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I was forced to learn the Delphi .NET language even though it is kinda dead now. But I only have some experience with Java, so I was wondering what is the difference between them actually?
I tried searching it on the Internet but Delphi .NET (not normal Delphi) results were kinda rare. Therefore I am looking for help here.
For instance, are both languages object oriented or interpreted? A more detailed explanation of their differences (on important aspects) would be helpful.

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closed as not a real question by jmort253, Ignacio Vazquez-Abrams, Ken White, David Heffernan, Mohammed Nasman Mar 11 '12 at 8:45

It's difficult to tell what is being asked here. This question is ambiguous, vague, incomplete, overly broad, or rhetorical and cannot be reasonably answered in its current form. For help clarifying this question so that it can be reopened, visit the help center. If this question can be reworded to fit the rules in the help center, please edit the question.

Different syntax but in other aspect very similar. Both compiled to an intermediate language and then JIT compiled to native code. –  David Heffernan Mar 11 '12 at 8:26
@DavidHeffernan Thanks for the reply. Would you be so kind to explain their difference to me? For example, is both language support operator overloading or dynamic array kind of thing? –  user1238193 Mar 11 '12 at 8:41
There are very few significant differences. If you know both languages as you say in the question then you already know the answers. If you have to use delphi.net then it doesn't really matter what java is. This isn't a real question as described in the faq. –  David Heffernan Mar 11 '12 at 8:46

1 Answer 1

up vote 0 down vote accepted

As an old Delphi software developer and a currently Java and .NET developer (C# and Visual Basic), I would recommend you to make the little effort to join to the C# or VB languages if you are planning to jump to the .NET platform.

They are mainly used, and the amount of information and samples on the web related with them makes ok the time spend on learning. Also the work opportunities for C# and VB will be bigger than in Delphi .NET (and I ensure you that I loved Delphi).

As I read, it seems that your change is not voluntary, but If you have the opportunity, I would recommend you to tell your boss about migrate their system to one of this. .NET is of course object oriented, and uses some kind of JIT (just in time compiler, as Java does). C# and VB are really good languages, perhaps C# is more similar to Java because of its syntax, but they are almost the same.

Remember that no matter what language in the .NET platform you use. It is all translated to the same pseudo-code so the performance will be the same (with the exception of C++), and it is only a matter of what’s the most comfortable language for you.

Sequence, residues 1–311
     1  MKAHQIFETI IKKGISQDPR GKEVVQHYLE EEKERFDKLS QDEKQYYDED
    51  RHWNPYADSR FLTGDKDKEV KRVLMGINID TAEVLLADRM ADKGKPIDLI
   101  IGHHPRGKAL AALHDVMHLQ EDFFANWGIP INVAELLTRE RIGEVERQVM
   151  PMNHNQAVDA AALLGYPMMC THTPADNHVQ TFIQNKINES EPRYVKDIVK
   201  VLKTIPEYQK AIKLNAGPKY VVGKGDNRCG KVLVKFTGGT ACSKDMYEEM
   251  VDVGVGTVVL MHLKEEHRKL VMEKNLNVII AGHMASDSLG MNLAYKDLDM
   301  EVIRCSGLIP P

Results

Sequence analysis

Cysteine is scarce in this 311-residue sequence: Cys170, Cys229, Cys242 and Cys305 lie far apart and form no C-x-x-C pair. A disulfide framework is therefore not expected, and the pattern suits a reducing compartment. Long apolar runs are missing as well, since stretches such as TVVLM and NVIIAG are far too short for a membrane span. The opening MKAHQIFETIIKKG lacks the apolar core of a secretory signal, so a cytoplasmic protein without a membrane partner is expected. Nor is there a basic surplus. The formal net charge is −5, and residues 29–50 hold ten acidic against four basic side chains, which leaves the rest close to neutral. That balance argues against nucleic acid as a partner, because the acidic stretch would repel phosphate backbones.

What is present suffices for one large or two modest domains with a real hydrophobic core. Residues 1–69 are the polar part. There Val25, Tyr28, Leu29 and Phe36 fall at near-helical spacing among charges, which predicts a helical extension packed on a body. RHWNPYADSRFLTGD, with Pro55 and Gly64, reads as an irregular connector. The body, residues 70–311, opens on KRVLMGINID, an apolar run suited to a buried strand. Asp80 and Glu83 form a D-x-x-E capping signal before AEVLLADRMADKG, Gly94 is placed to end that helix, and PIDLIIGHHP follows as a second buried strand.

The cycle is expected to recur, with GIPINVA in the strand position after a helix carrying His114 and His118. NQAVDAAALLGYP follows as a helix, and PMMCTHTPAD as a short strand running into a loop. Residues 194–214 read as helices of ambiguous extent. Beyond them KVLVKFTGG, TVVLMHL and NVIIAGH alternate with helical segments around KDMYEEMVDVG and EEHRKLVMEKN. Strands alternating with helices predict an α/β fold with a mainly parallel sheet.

Hope this helps.


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"I would recommend you to tell your boss about migrate their system to one of this." - I wouldn't. His boss will probably ask him what the value of migrating is ... and honestly, there is little value if the existing system works and is maintainable. (And I'd say exactly the same thing about migrating to any other language / platform.) –  Stephen C Mar 11 '12 at 6:10
+1 I think it's a pretty good answer –  ComputerSaysNo Mar 11 '12 at 6:18
@StephenC migrating it to C# will help, because from what I know(could be wrong) there aren't many Delphi .Net developers out there, so it would be wise to have many developers that could take the project at any given time –  ComputerSaysNo Mar 11 '12 at 6:18
Migrate from one language to another in the .NET platform is not the same as migrate from different platforms. I didn’t migrate projects from Delphi .NET, but I do from VB to C#, and yes, it takes time, but is not hard (I think there were “automatic” tools to help you with the work). Of course, it must be his boss who must take the decision, and it depends on many things we don’t know, but the main advantage for his boss with the migration will be to have a lot of people ready to start with his project tomorrow, and not having to wait for people to learn Delphi .NET each time... –  tomasofen Mar 11 '12 at 6:50
...he needs people for the project, or taking the risk of Microsoft stop supporting Delphi .NET in the future. I think those are powerfull arguments. Perhaps is the moment to migrate, perhaps not. It was only a way of see the problem, and of course without knowing all the things involved on it. PS: The problem would be for “user1238193” if his boss decides to migrate, and then decides to hire another worker that already knows about .NET, and left “user1238193” without job. This would be a good reason for not to tell! ;) –  tomasofen Mar 11 '12 at 6:52

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